The question I had posed in Part 6 of my 7-Part Dangerous Supply Chain Myths Series was, “are you – being the end-user, in the software business?” (Note: refer to the Web Resources Section after this post for the link to the series.)

The basis for the question resulted from a conversation with a senior-level executive who lamented that she had to dedicate two full-time staff to the “ongoing” implementation of a PeopleSoft procurement module.

What was most interesting about this particular example is that it indicates the rule, not the exception. Specifically, and I quote, “the vast majority of purchasing organizations are now in the software business as they attempt to adapt their practice to an application they would not have chosen to use in the first place.”  The omission of involvement is a critical observation because most supply chain initiatives have their elemental roots in either an IT or ERP-centric finance department strategy.

Also telling is that the handful of successful programs has based their approach on a collaborative understanding of the processes that define their business model instead of seeking gains primarily through the advancement of technology. One such example is the Commonwealth of Virginia’s eVA initiative.

Use the link after this post to learn more about the Commonwealth’s program).

The one point I wanted to highlight regarding eVA is that the Commonwealth avoided the trap of the initiative becoming a software project. Commenting on the benefits of their avoidance of the mega-project syndrome, Virginia’s Director (eProcurement Bureau) Bob Sievert stated that “we were thereby able to shift the emphasis from an exercise in cost justification to one of process understanding and refinement.”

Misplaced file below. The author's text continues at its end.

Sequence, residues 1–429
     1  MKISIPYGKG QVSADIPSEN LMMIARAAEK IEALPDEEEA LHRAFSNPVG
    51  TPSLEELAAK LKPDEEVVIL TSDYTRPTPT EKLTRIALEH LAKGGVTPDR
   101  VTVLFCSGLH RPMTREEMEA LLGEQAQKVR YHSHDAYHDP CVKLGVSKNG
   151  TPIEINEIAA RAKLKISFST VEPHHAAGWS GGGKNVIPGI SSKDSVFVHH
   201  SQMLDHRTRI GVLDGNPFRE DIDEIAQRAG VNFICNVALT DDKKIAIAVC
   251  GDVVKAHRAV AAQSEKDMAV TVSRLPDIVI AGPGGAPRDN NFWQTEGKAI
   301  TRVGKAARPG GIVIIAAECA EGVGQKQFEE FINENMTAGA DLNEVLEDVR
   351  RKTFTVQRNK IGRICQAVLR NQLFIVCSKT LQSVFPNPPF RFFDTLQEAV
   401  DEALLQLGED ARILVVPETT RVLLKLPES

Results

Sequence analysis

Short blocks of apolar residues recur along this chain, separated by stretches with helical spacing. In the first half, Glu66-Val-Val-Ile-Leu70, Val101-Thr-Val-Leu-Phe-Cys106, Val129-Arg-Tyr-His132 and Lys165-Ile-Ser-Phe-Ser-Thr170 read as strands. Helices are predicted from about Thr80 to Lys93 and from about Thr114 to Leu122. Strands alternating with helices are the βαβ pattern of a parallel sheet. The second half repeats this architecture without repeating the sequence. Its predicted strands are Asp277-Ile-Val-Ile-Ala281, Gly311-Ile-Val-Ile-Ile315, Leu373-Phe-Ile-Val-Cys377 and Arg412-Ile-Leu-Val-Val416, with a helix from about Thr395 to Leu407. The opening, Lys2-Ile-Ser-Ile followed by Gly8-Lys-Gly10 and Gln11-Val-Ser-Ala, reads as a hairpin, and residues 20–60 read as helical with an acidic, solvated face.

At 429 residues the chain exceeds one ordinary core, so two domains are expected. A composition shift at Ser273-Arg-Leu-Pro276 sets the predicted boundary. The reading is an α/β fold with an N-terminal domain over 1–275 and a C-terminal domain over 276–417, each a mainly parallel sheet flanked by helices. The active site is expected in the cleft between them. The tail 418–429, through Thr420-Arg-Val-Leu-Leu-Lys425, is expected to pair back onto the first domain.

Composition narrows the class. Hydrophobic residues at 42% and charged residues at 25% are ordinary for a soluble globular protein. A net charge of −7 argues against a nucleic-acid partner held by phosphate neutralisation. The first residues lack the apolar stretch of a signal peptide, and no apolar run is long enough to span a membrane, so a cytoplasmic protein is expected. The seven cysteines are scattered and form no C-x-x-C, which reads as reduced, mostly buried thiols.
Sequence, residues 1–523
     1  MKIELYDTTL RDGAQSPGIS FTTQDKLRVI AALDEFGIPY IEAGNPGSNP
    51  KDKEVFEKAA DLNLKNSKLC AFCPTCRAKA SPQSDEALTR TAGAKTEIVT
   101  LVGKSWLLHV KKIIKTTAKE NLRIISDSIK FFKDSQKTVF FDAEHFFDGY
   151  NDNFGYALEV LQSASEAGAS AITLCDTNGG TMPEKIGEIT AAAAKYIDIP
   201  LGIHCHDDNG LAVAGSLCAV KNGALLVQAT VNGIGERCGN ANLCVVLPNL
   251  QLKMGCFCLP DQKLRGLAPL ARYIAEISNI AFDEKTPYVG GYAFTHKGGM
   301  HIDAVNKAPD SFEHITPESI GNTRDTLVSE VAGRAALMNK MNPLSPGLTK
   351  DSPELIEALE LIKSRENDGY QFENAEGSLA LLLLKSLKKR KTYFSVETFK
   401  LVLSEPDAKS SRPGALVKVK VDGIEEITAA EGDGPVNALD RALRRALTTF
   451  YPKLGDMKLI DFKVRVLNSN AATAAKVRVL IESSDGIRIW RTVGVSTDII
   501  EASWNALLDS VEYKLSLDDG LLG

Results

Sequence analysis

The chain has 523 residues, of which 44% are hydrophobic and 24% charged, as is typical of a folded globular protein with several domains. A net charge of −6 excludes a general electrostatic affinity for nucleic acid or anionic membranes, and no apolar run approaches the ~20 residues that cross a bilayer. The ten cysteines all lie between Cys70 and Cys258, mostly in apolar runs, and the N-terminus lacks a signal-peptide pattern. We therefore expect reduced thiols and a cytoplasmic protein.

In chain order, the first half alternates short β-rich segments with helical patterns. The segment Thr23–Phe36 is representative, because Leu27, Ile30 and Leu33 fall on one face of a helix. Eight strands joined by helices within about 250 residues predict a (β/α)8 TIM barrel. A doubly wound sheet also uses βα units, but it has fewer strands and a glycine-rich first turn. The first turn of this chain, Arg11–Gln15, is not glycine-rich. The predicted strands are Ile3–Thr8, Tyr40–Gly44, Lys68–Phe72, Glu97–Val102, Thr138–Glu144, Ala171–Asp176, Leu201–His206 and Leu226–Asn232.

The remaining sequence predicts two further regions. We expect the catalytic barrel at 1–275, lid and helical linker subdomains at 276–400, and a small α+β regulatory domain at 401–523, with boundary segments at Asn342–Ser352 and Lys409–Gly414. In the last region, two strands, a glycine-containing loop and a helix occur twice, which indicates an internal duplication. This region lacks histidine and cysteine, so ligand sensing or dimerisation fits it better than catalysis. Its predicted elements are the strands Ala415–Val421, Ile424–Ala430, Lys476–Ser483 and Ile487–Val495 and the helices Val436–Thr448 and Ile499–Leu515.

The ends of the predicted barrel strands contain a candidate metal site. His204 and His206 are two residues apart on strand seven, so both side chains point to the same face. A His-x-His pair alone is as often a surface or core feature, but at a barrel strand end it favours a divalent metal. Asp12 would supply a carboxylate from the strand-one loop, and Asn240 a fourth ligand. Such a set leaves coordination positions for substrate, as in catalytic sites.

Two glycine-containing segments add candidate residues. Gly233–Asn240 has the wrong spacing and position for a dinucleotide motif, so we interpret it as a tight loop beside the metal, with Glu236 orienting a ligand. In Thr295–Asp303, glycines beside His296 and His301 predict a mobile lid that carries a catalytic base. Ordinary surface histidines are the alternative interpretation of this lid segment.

And it is this understanding of the processes that define the modern supply chain practice that has enabled COUPA to develop and successfully introduce an alternative to the traditionally onerous “solutions” offered as an adjunct to existing ERP platforms.  


In assessing the viability of the COUPA value proposition, it will be up to you to determine how they (and their solution) may best serve your organization.

Returning to my 20-second rule referenced earlier in this post, the COUPA offering “provides the solution to deliver savings through an intuitive user interface that accurately reflects and therefore effectively adapts to the real-world requirements of its clients.”  To be even more succinct, COUPA accurately reflects and effectively adapts to how users operate in the real world.

The Marine Science Institute (MSI) is a case in point. While the Case Study is yet to be available through COUPA, Dave provided me with an advanced release version pending their client’s approval. As such, I will only focus on a few key references that pertain to this post.

Established at the University of California in 1969, the Marine Science Institute ranks nationally and internationally as a leader in ocean research. The complexity of their purchasing environment is on a par with even the most demanding multi-national corporation, as the COUPA program was relied upon to procure supplies for MSI’s “more than 500 active research projects throughout the US and around the world.”  Administering “$3 million in supplies and equipment annually,” COUPA’s On Demand solution, “enables MSI to provide its geographically dispersed users with hands-on access to a central system to place, receive, and track orders.”

The above excerpt from the MSI Case Study demonstrates that COUPA has perfected the balance between the centralized head office requirements for accountability and control while simultaneously meeting the operational needs of a largely decentralized purchasing team. And they were able to accomplish this within the framework of the emerging On-Demand or Software as a Service (SaaS) model. Ease and cost-effectiveness are definitely a winning combination in anyone’s books.

But again, do not take my word for it. Instead, take Dave up on his invitation to “see how it works” through the following link; And let me know what you think.

Web Resources:

Yes, Virginia! (Resource Library): 

Dangerous Supply Chain Myths (Part 6):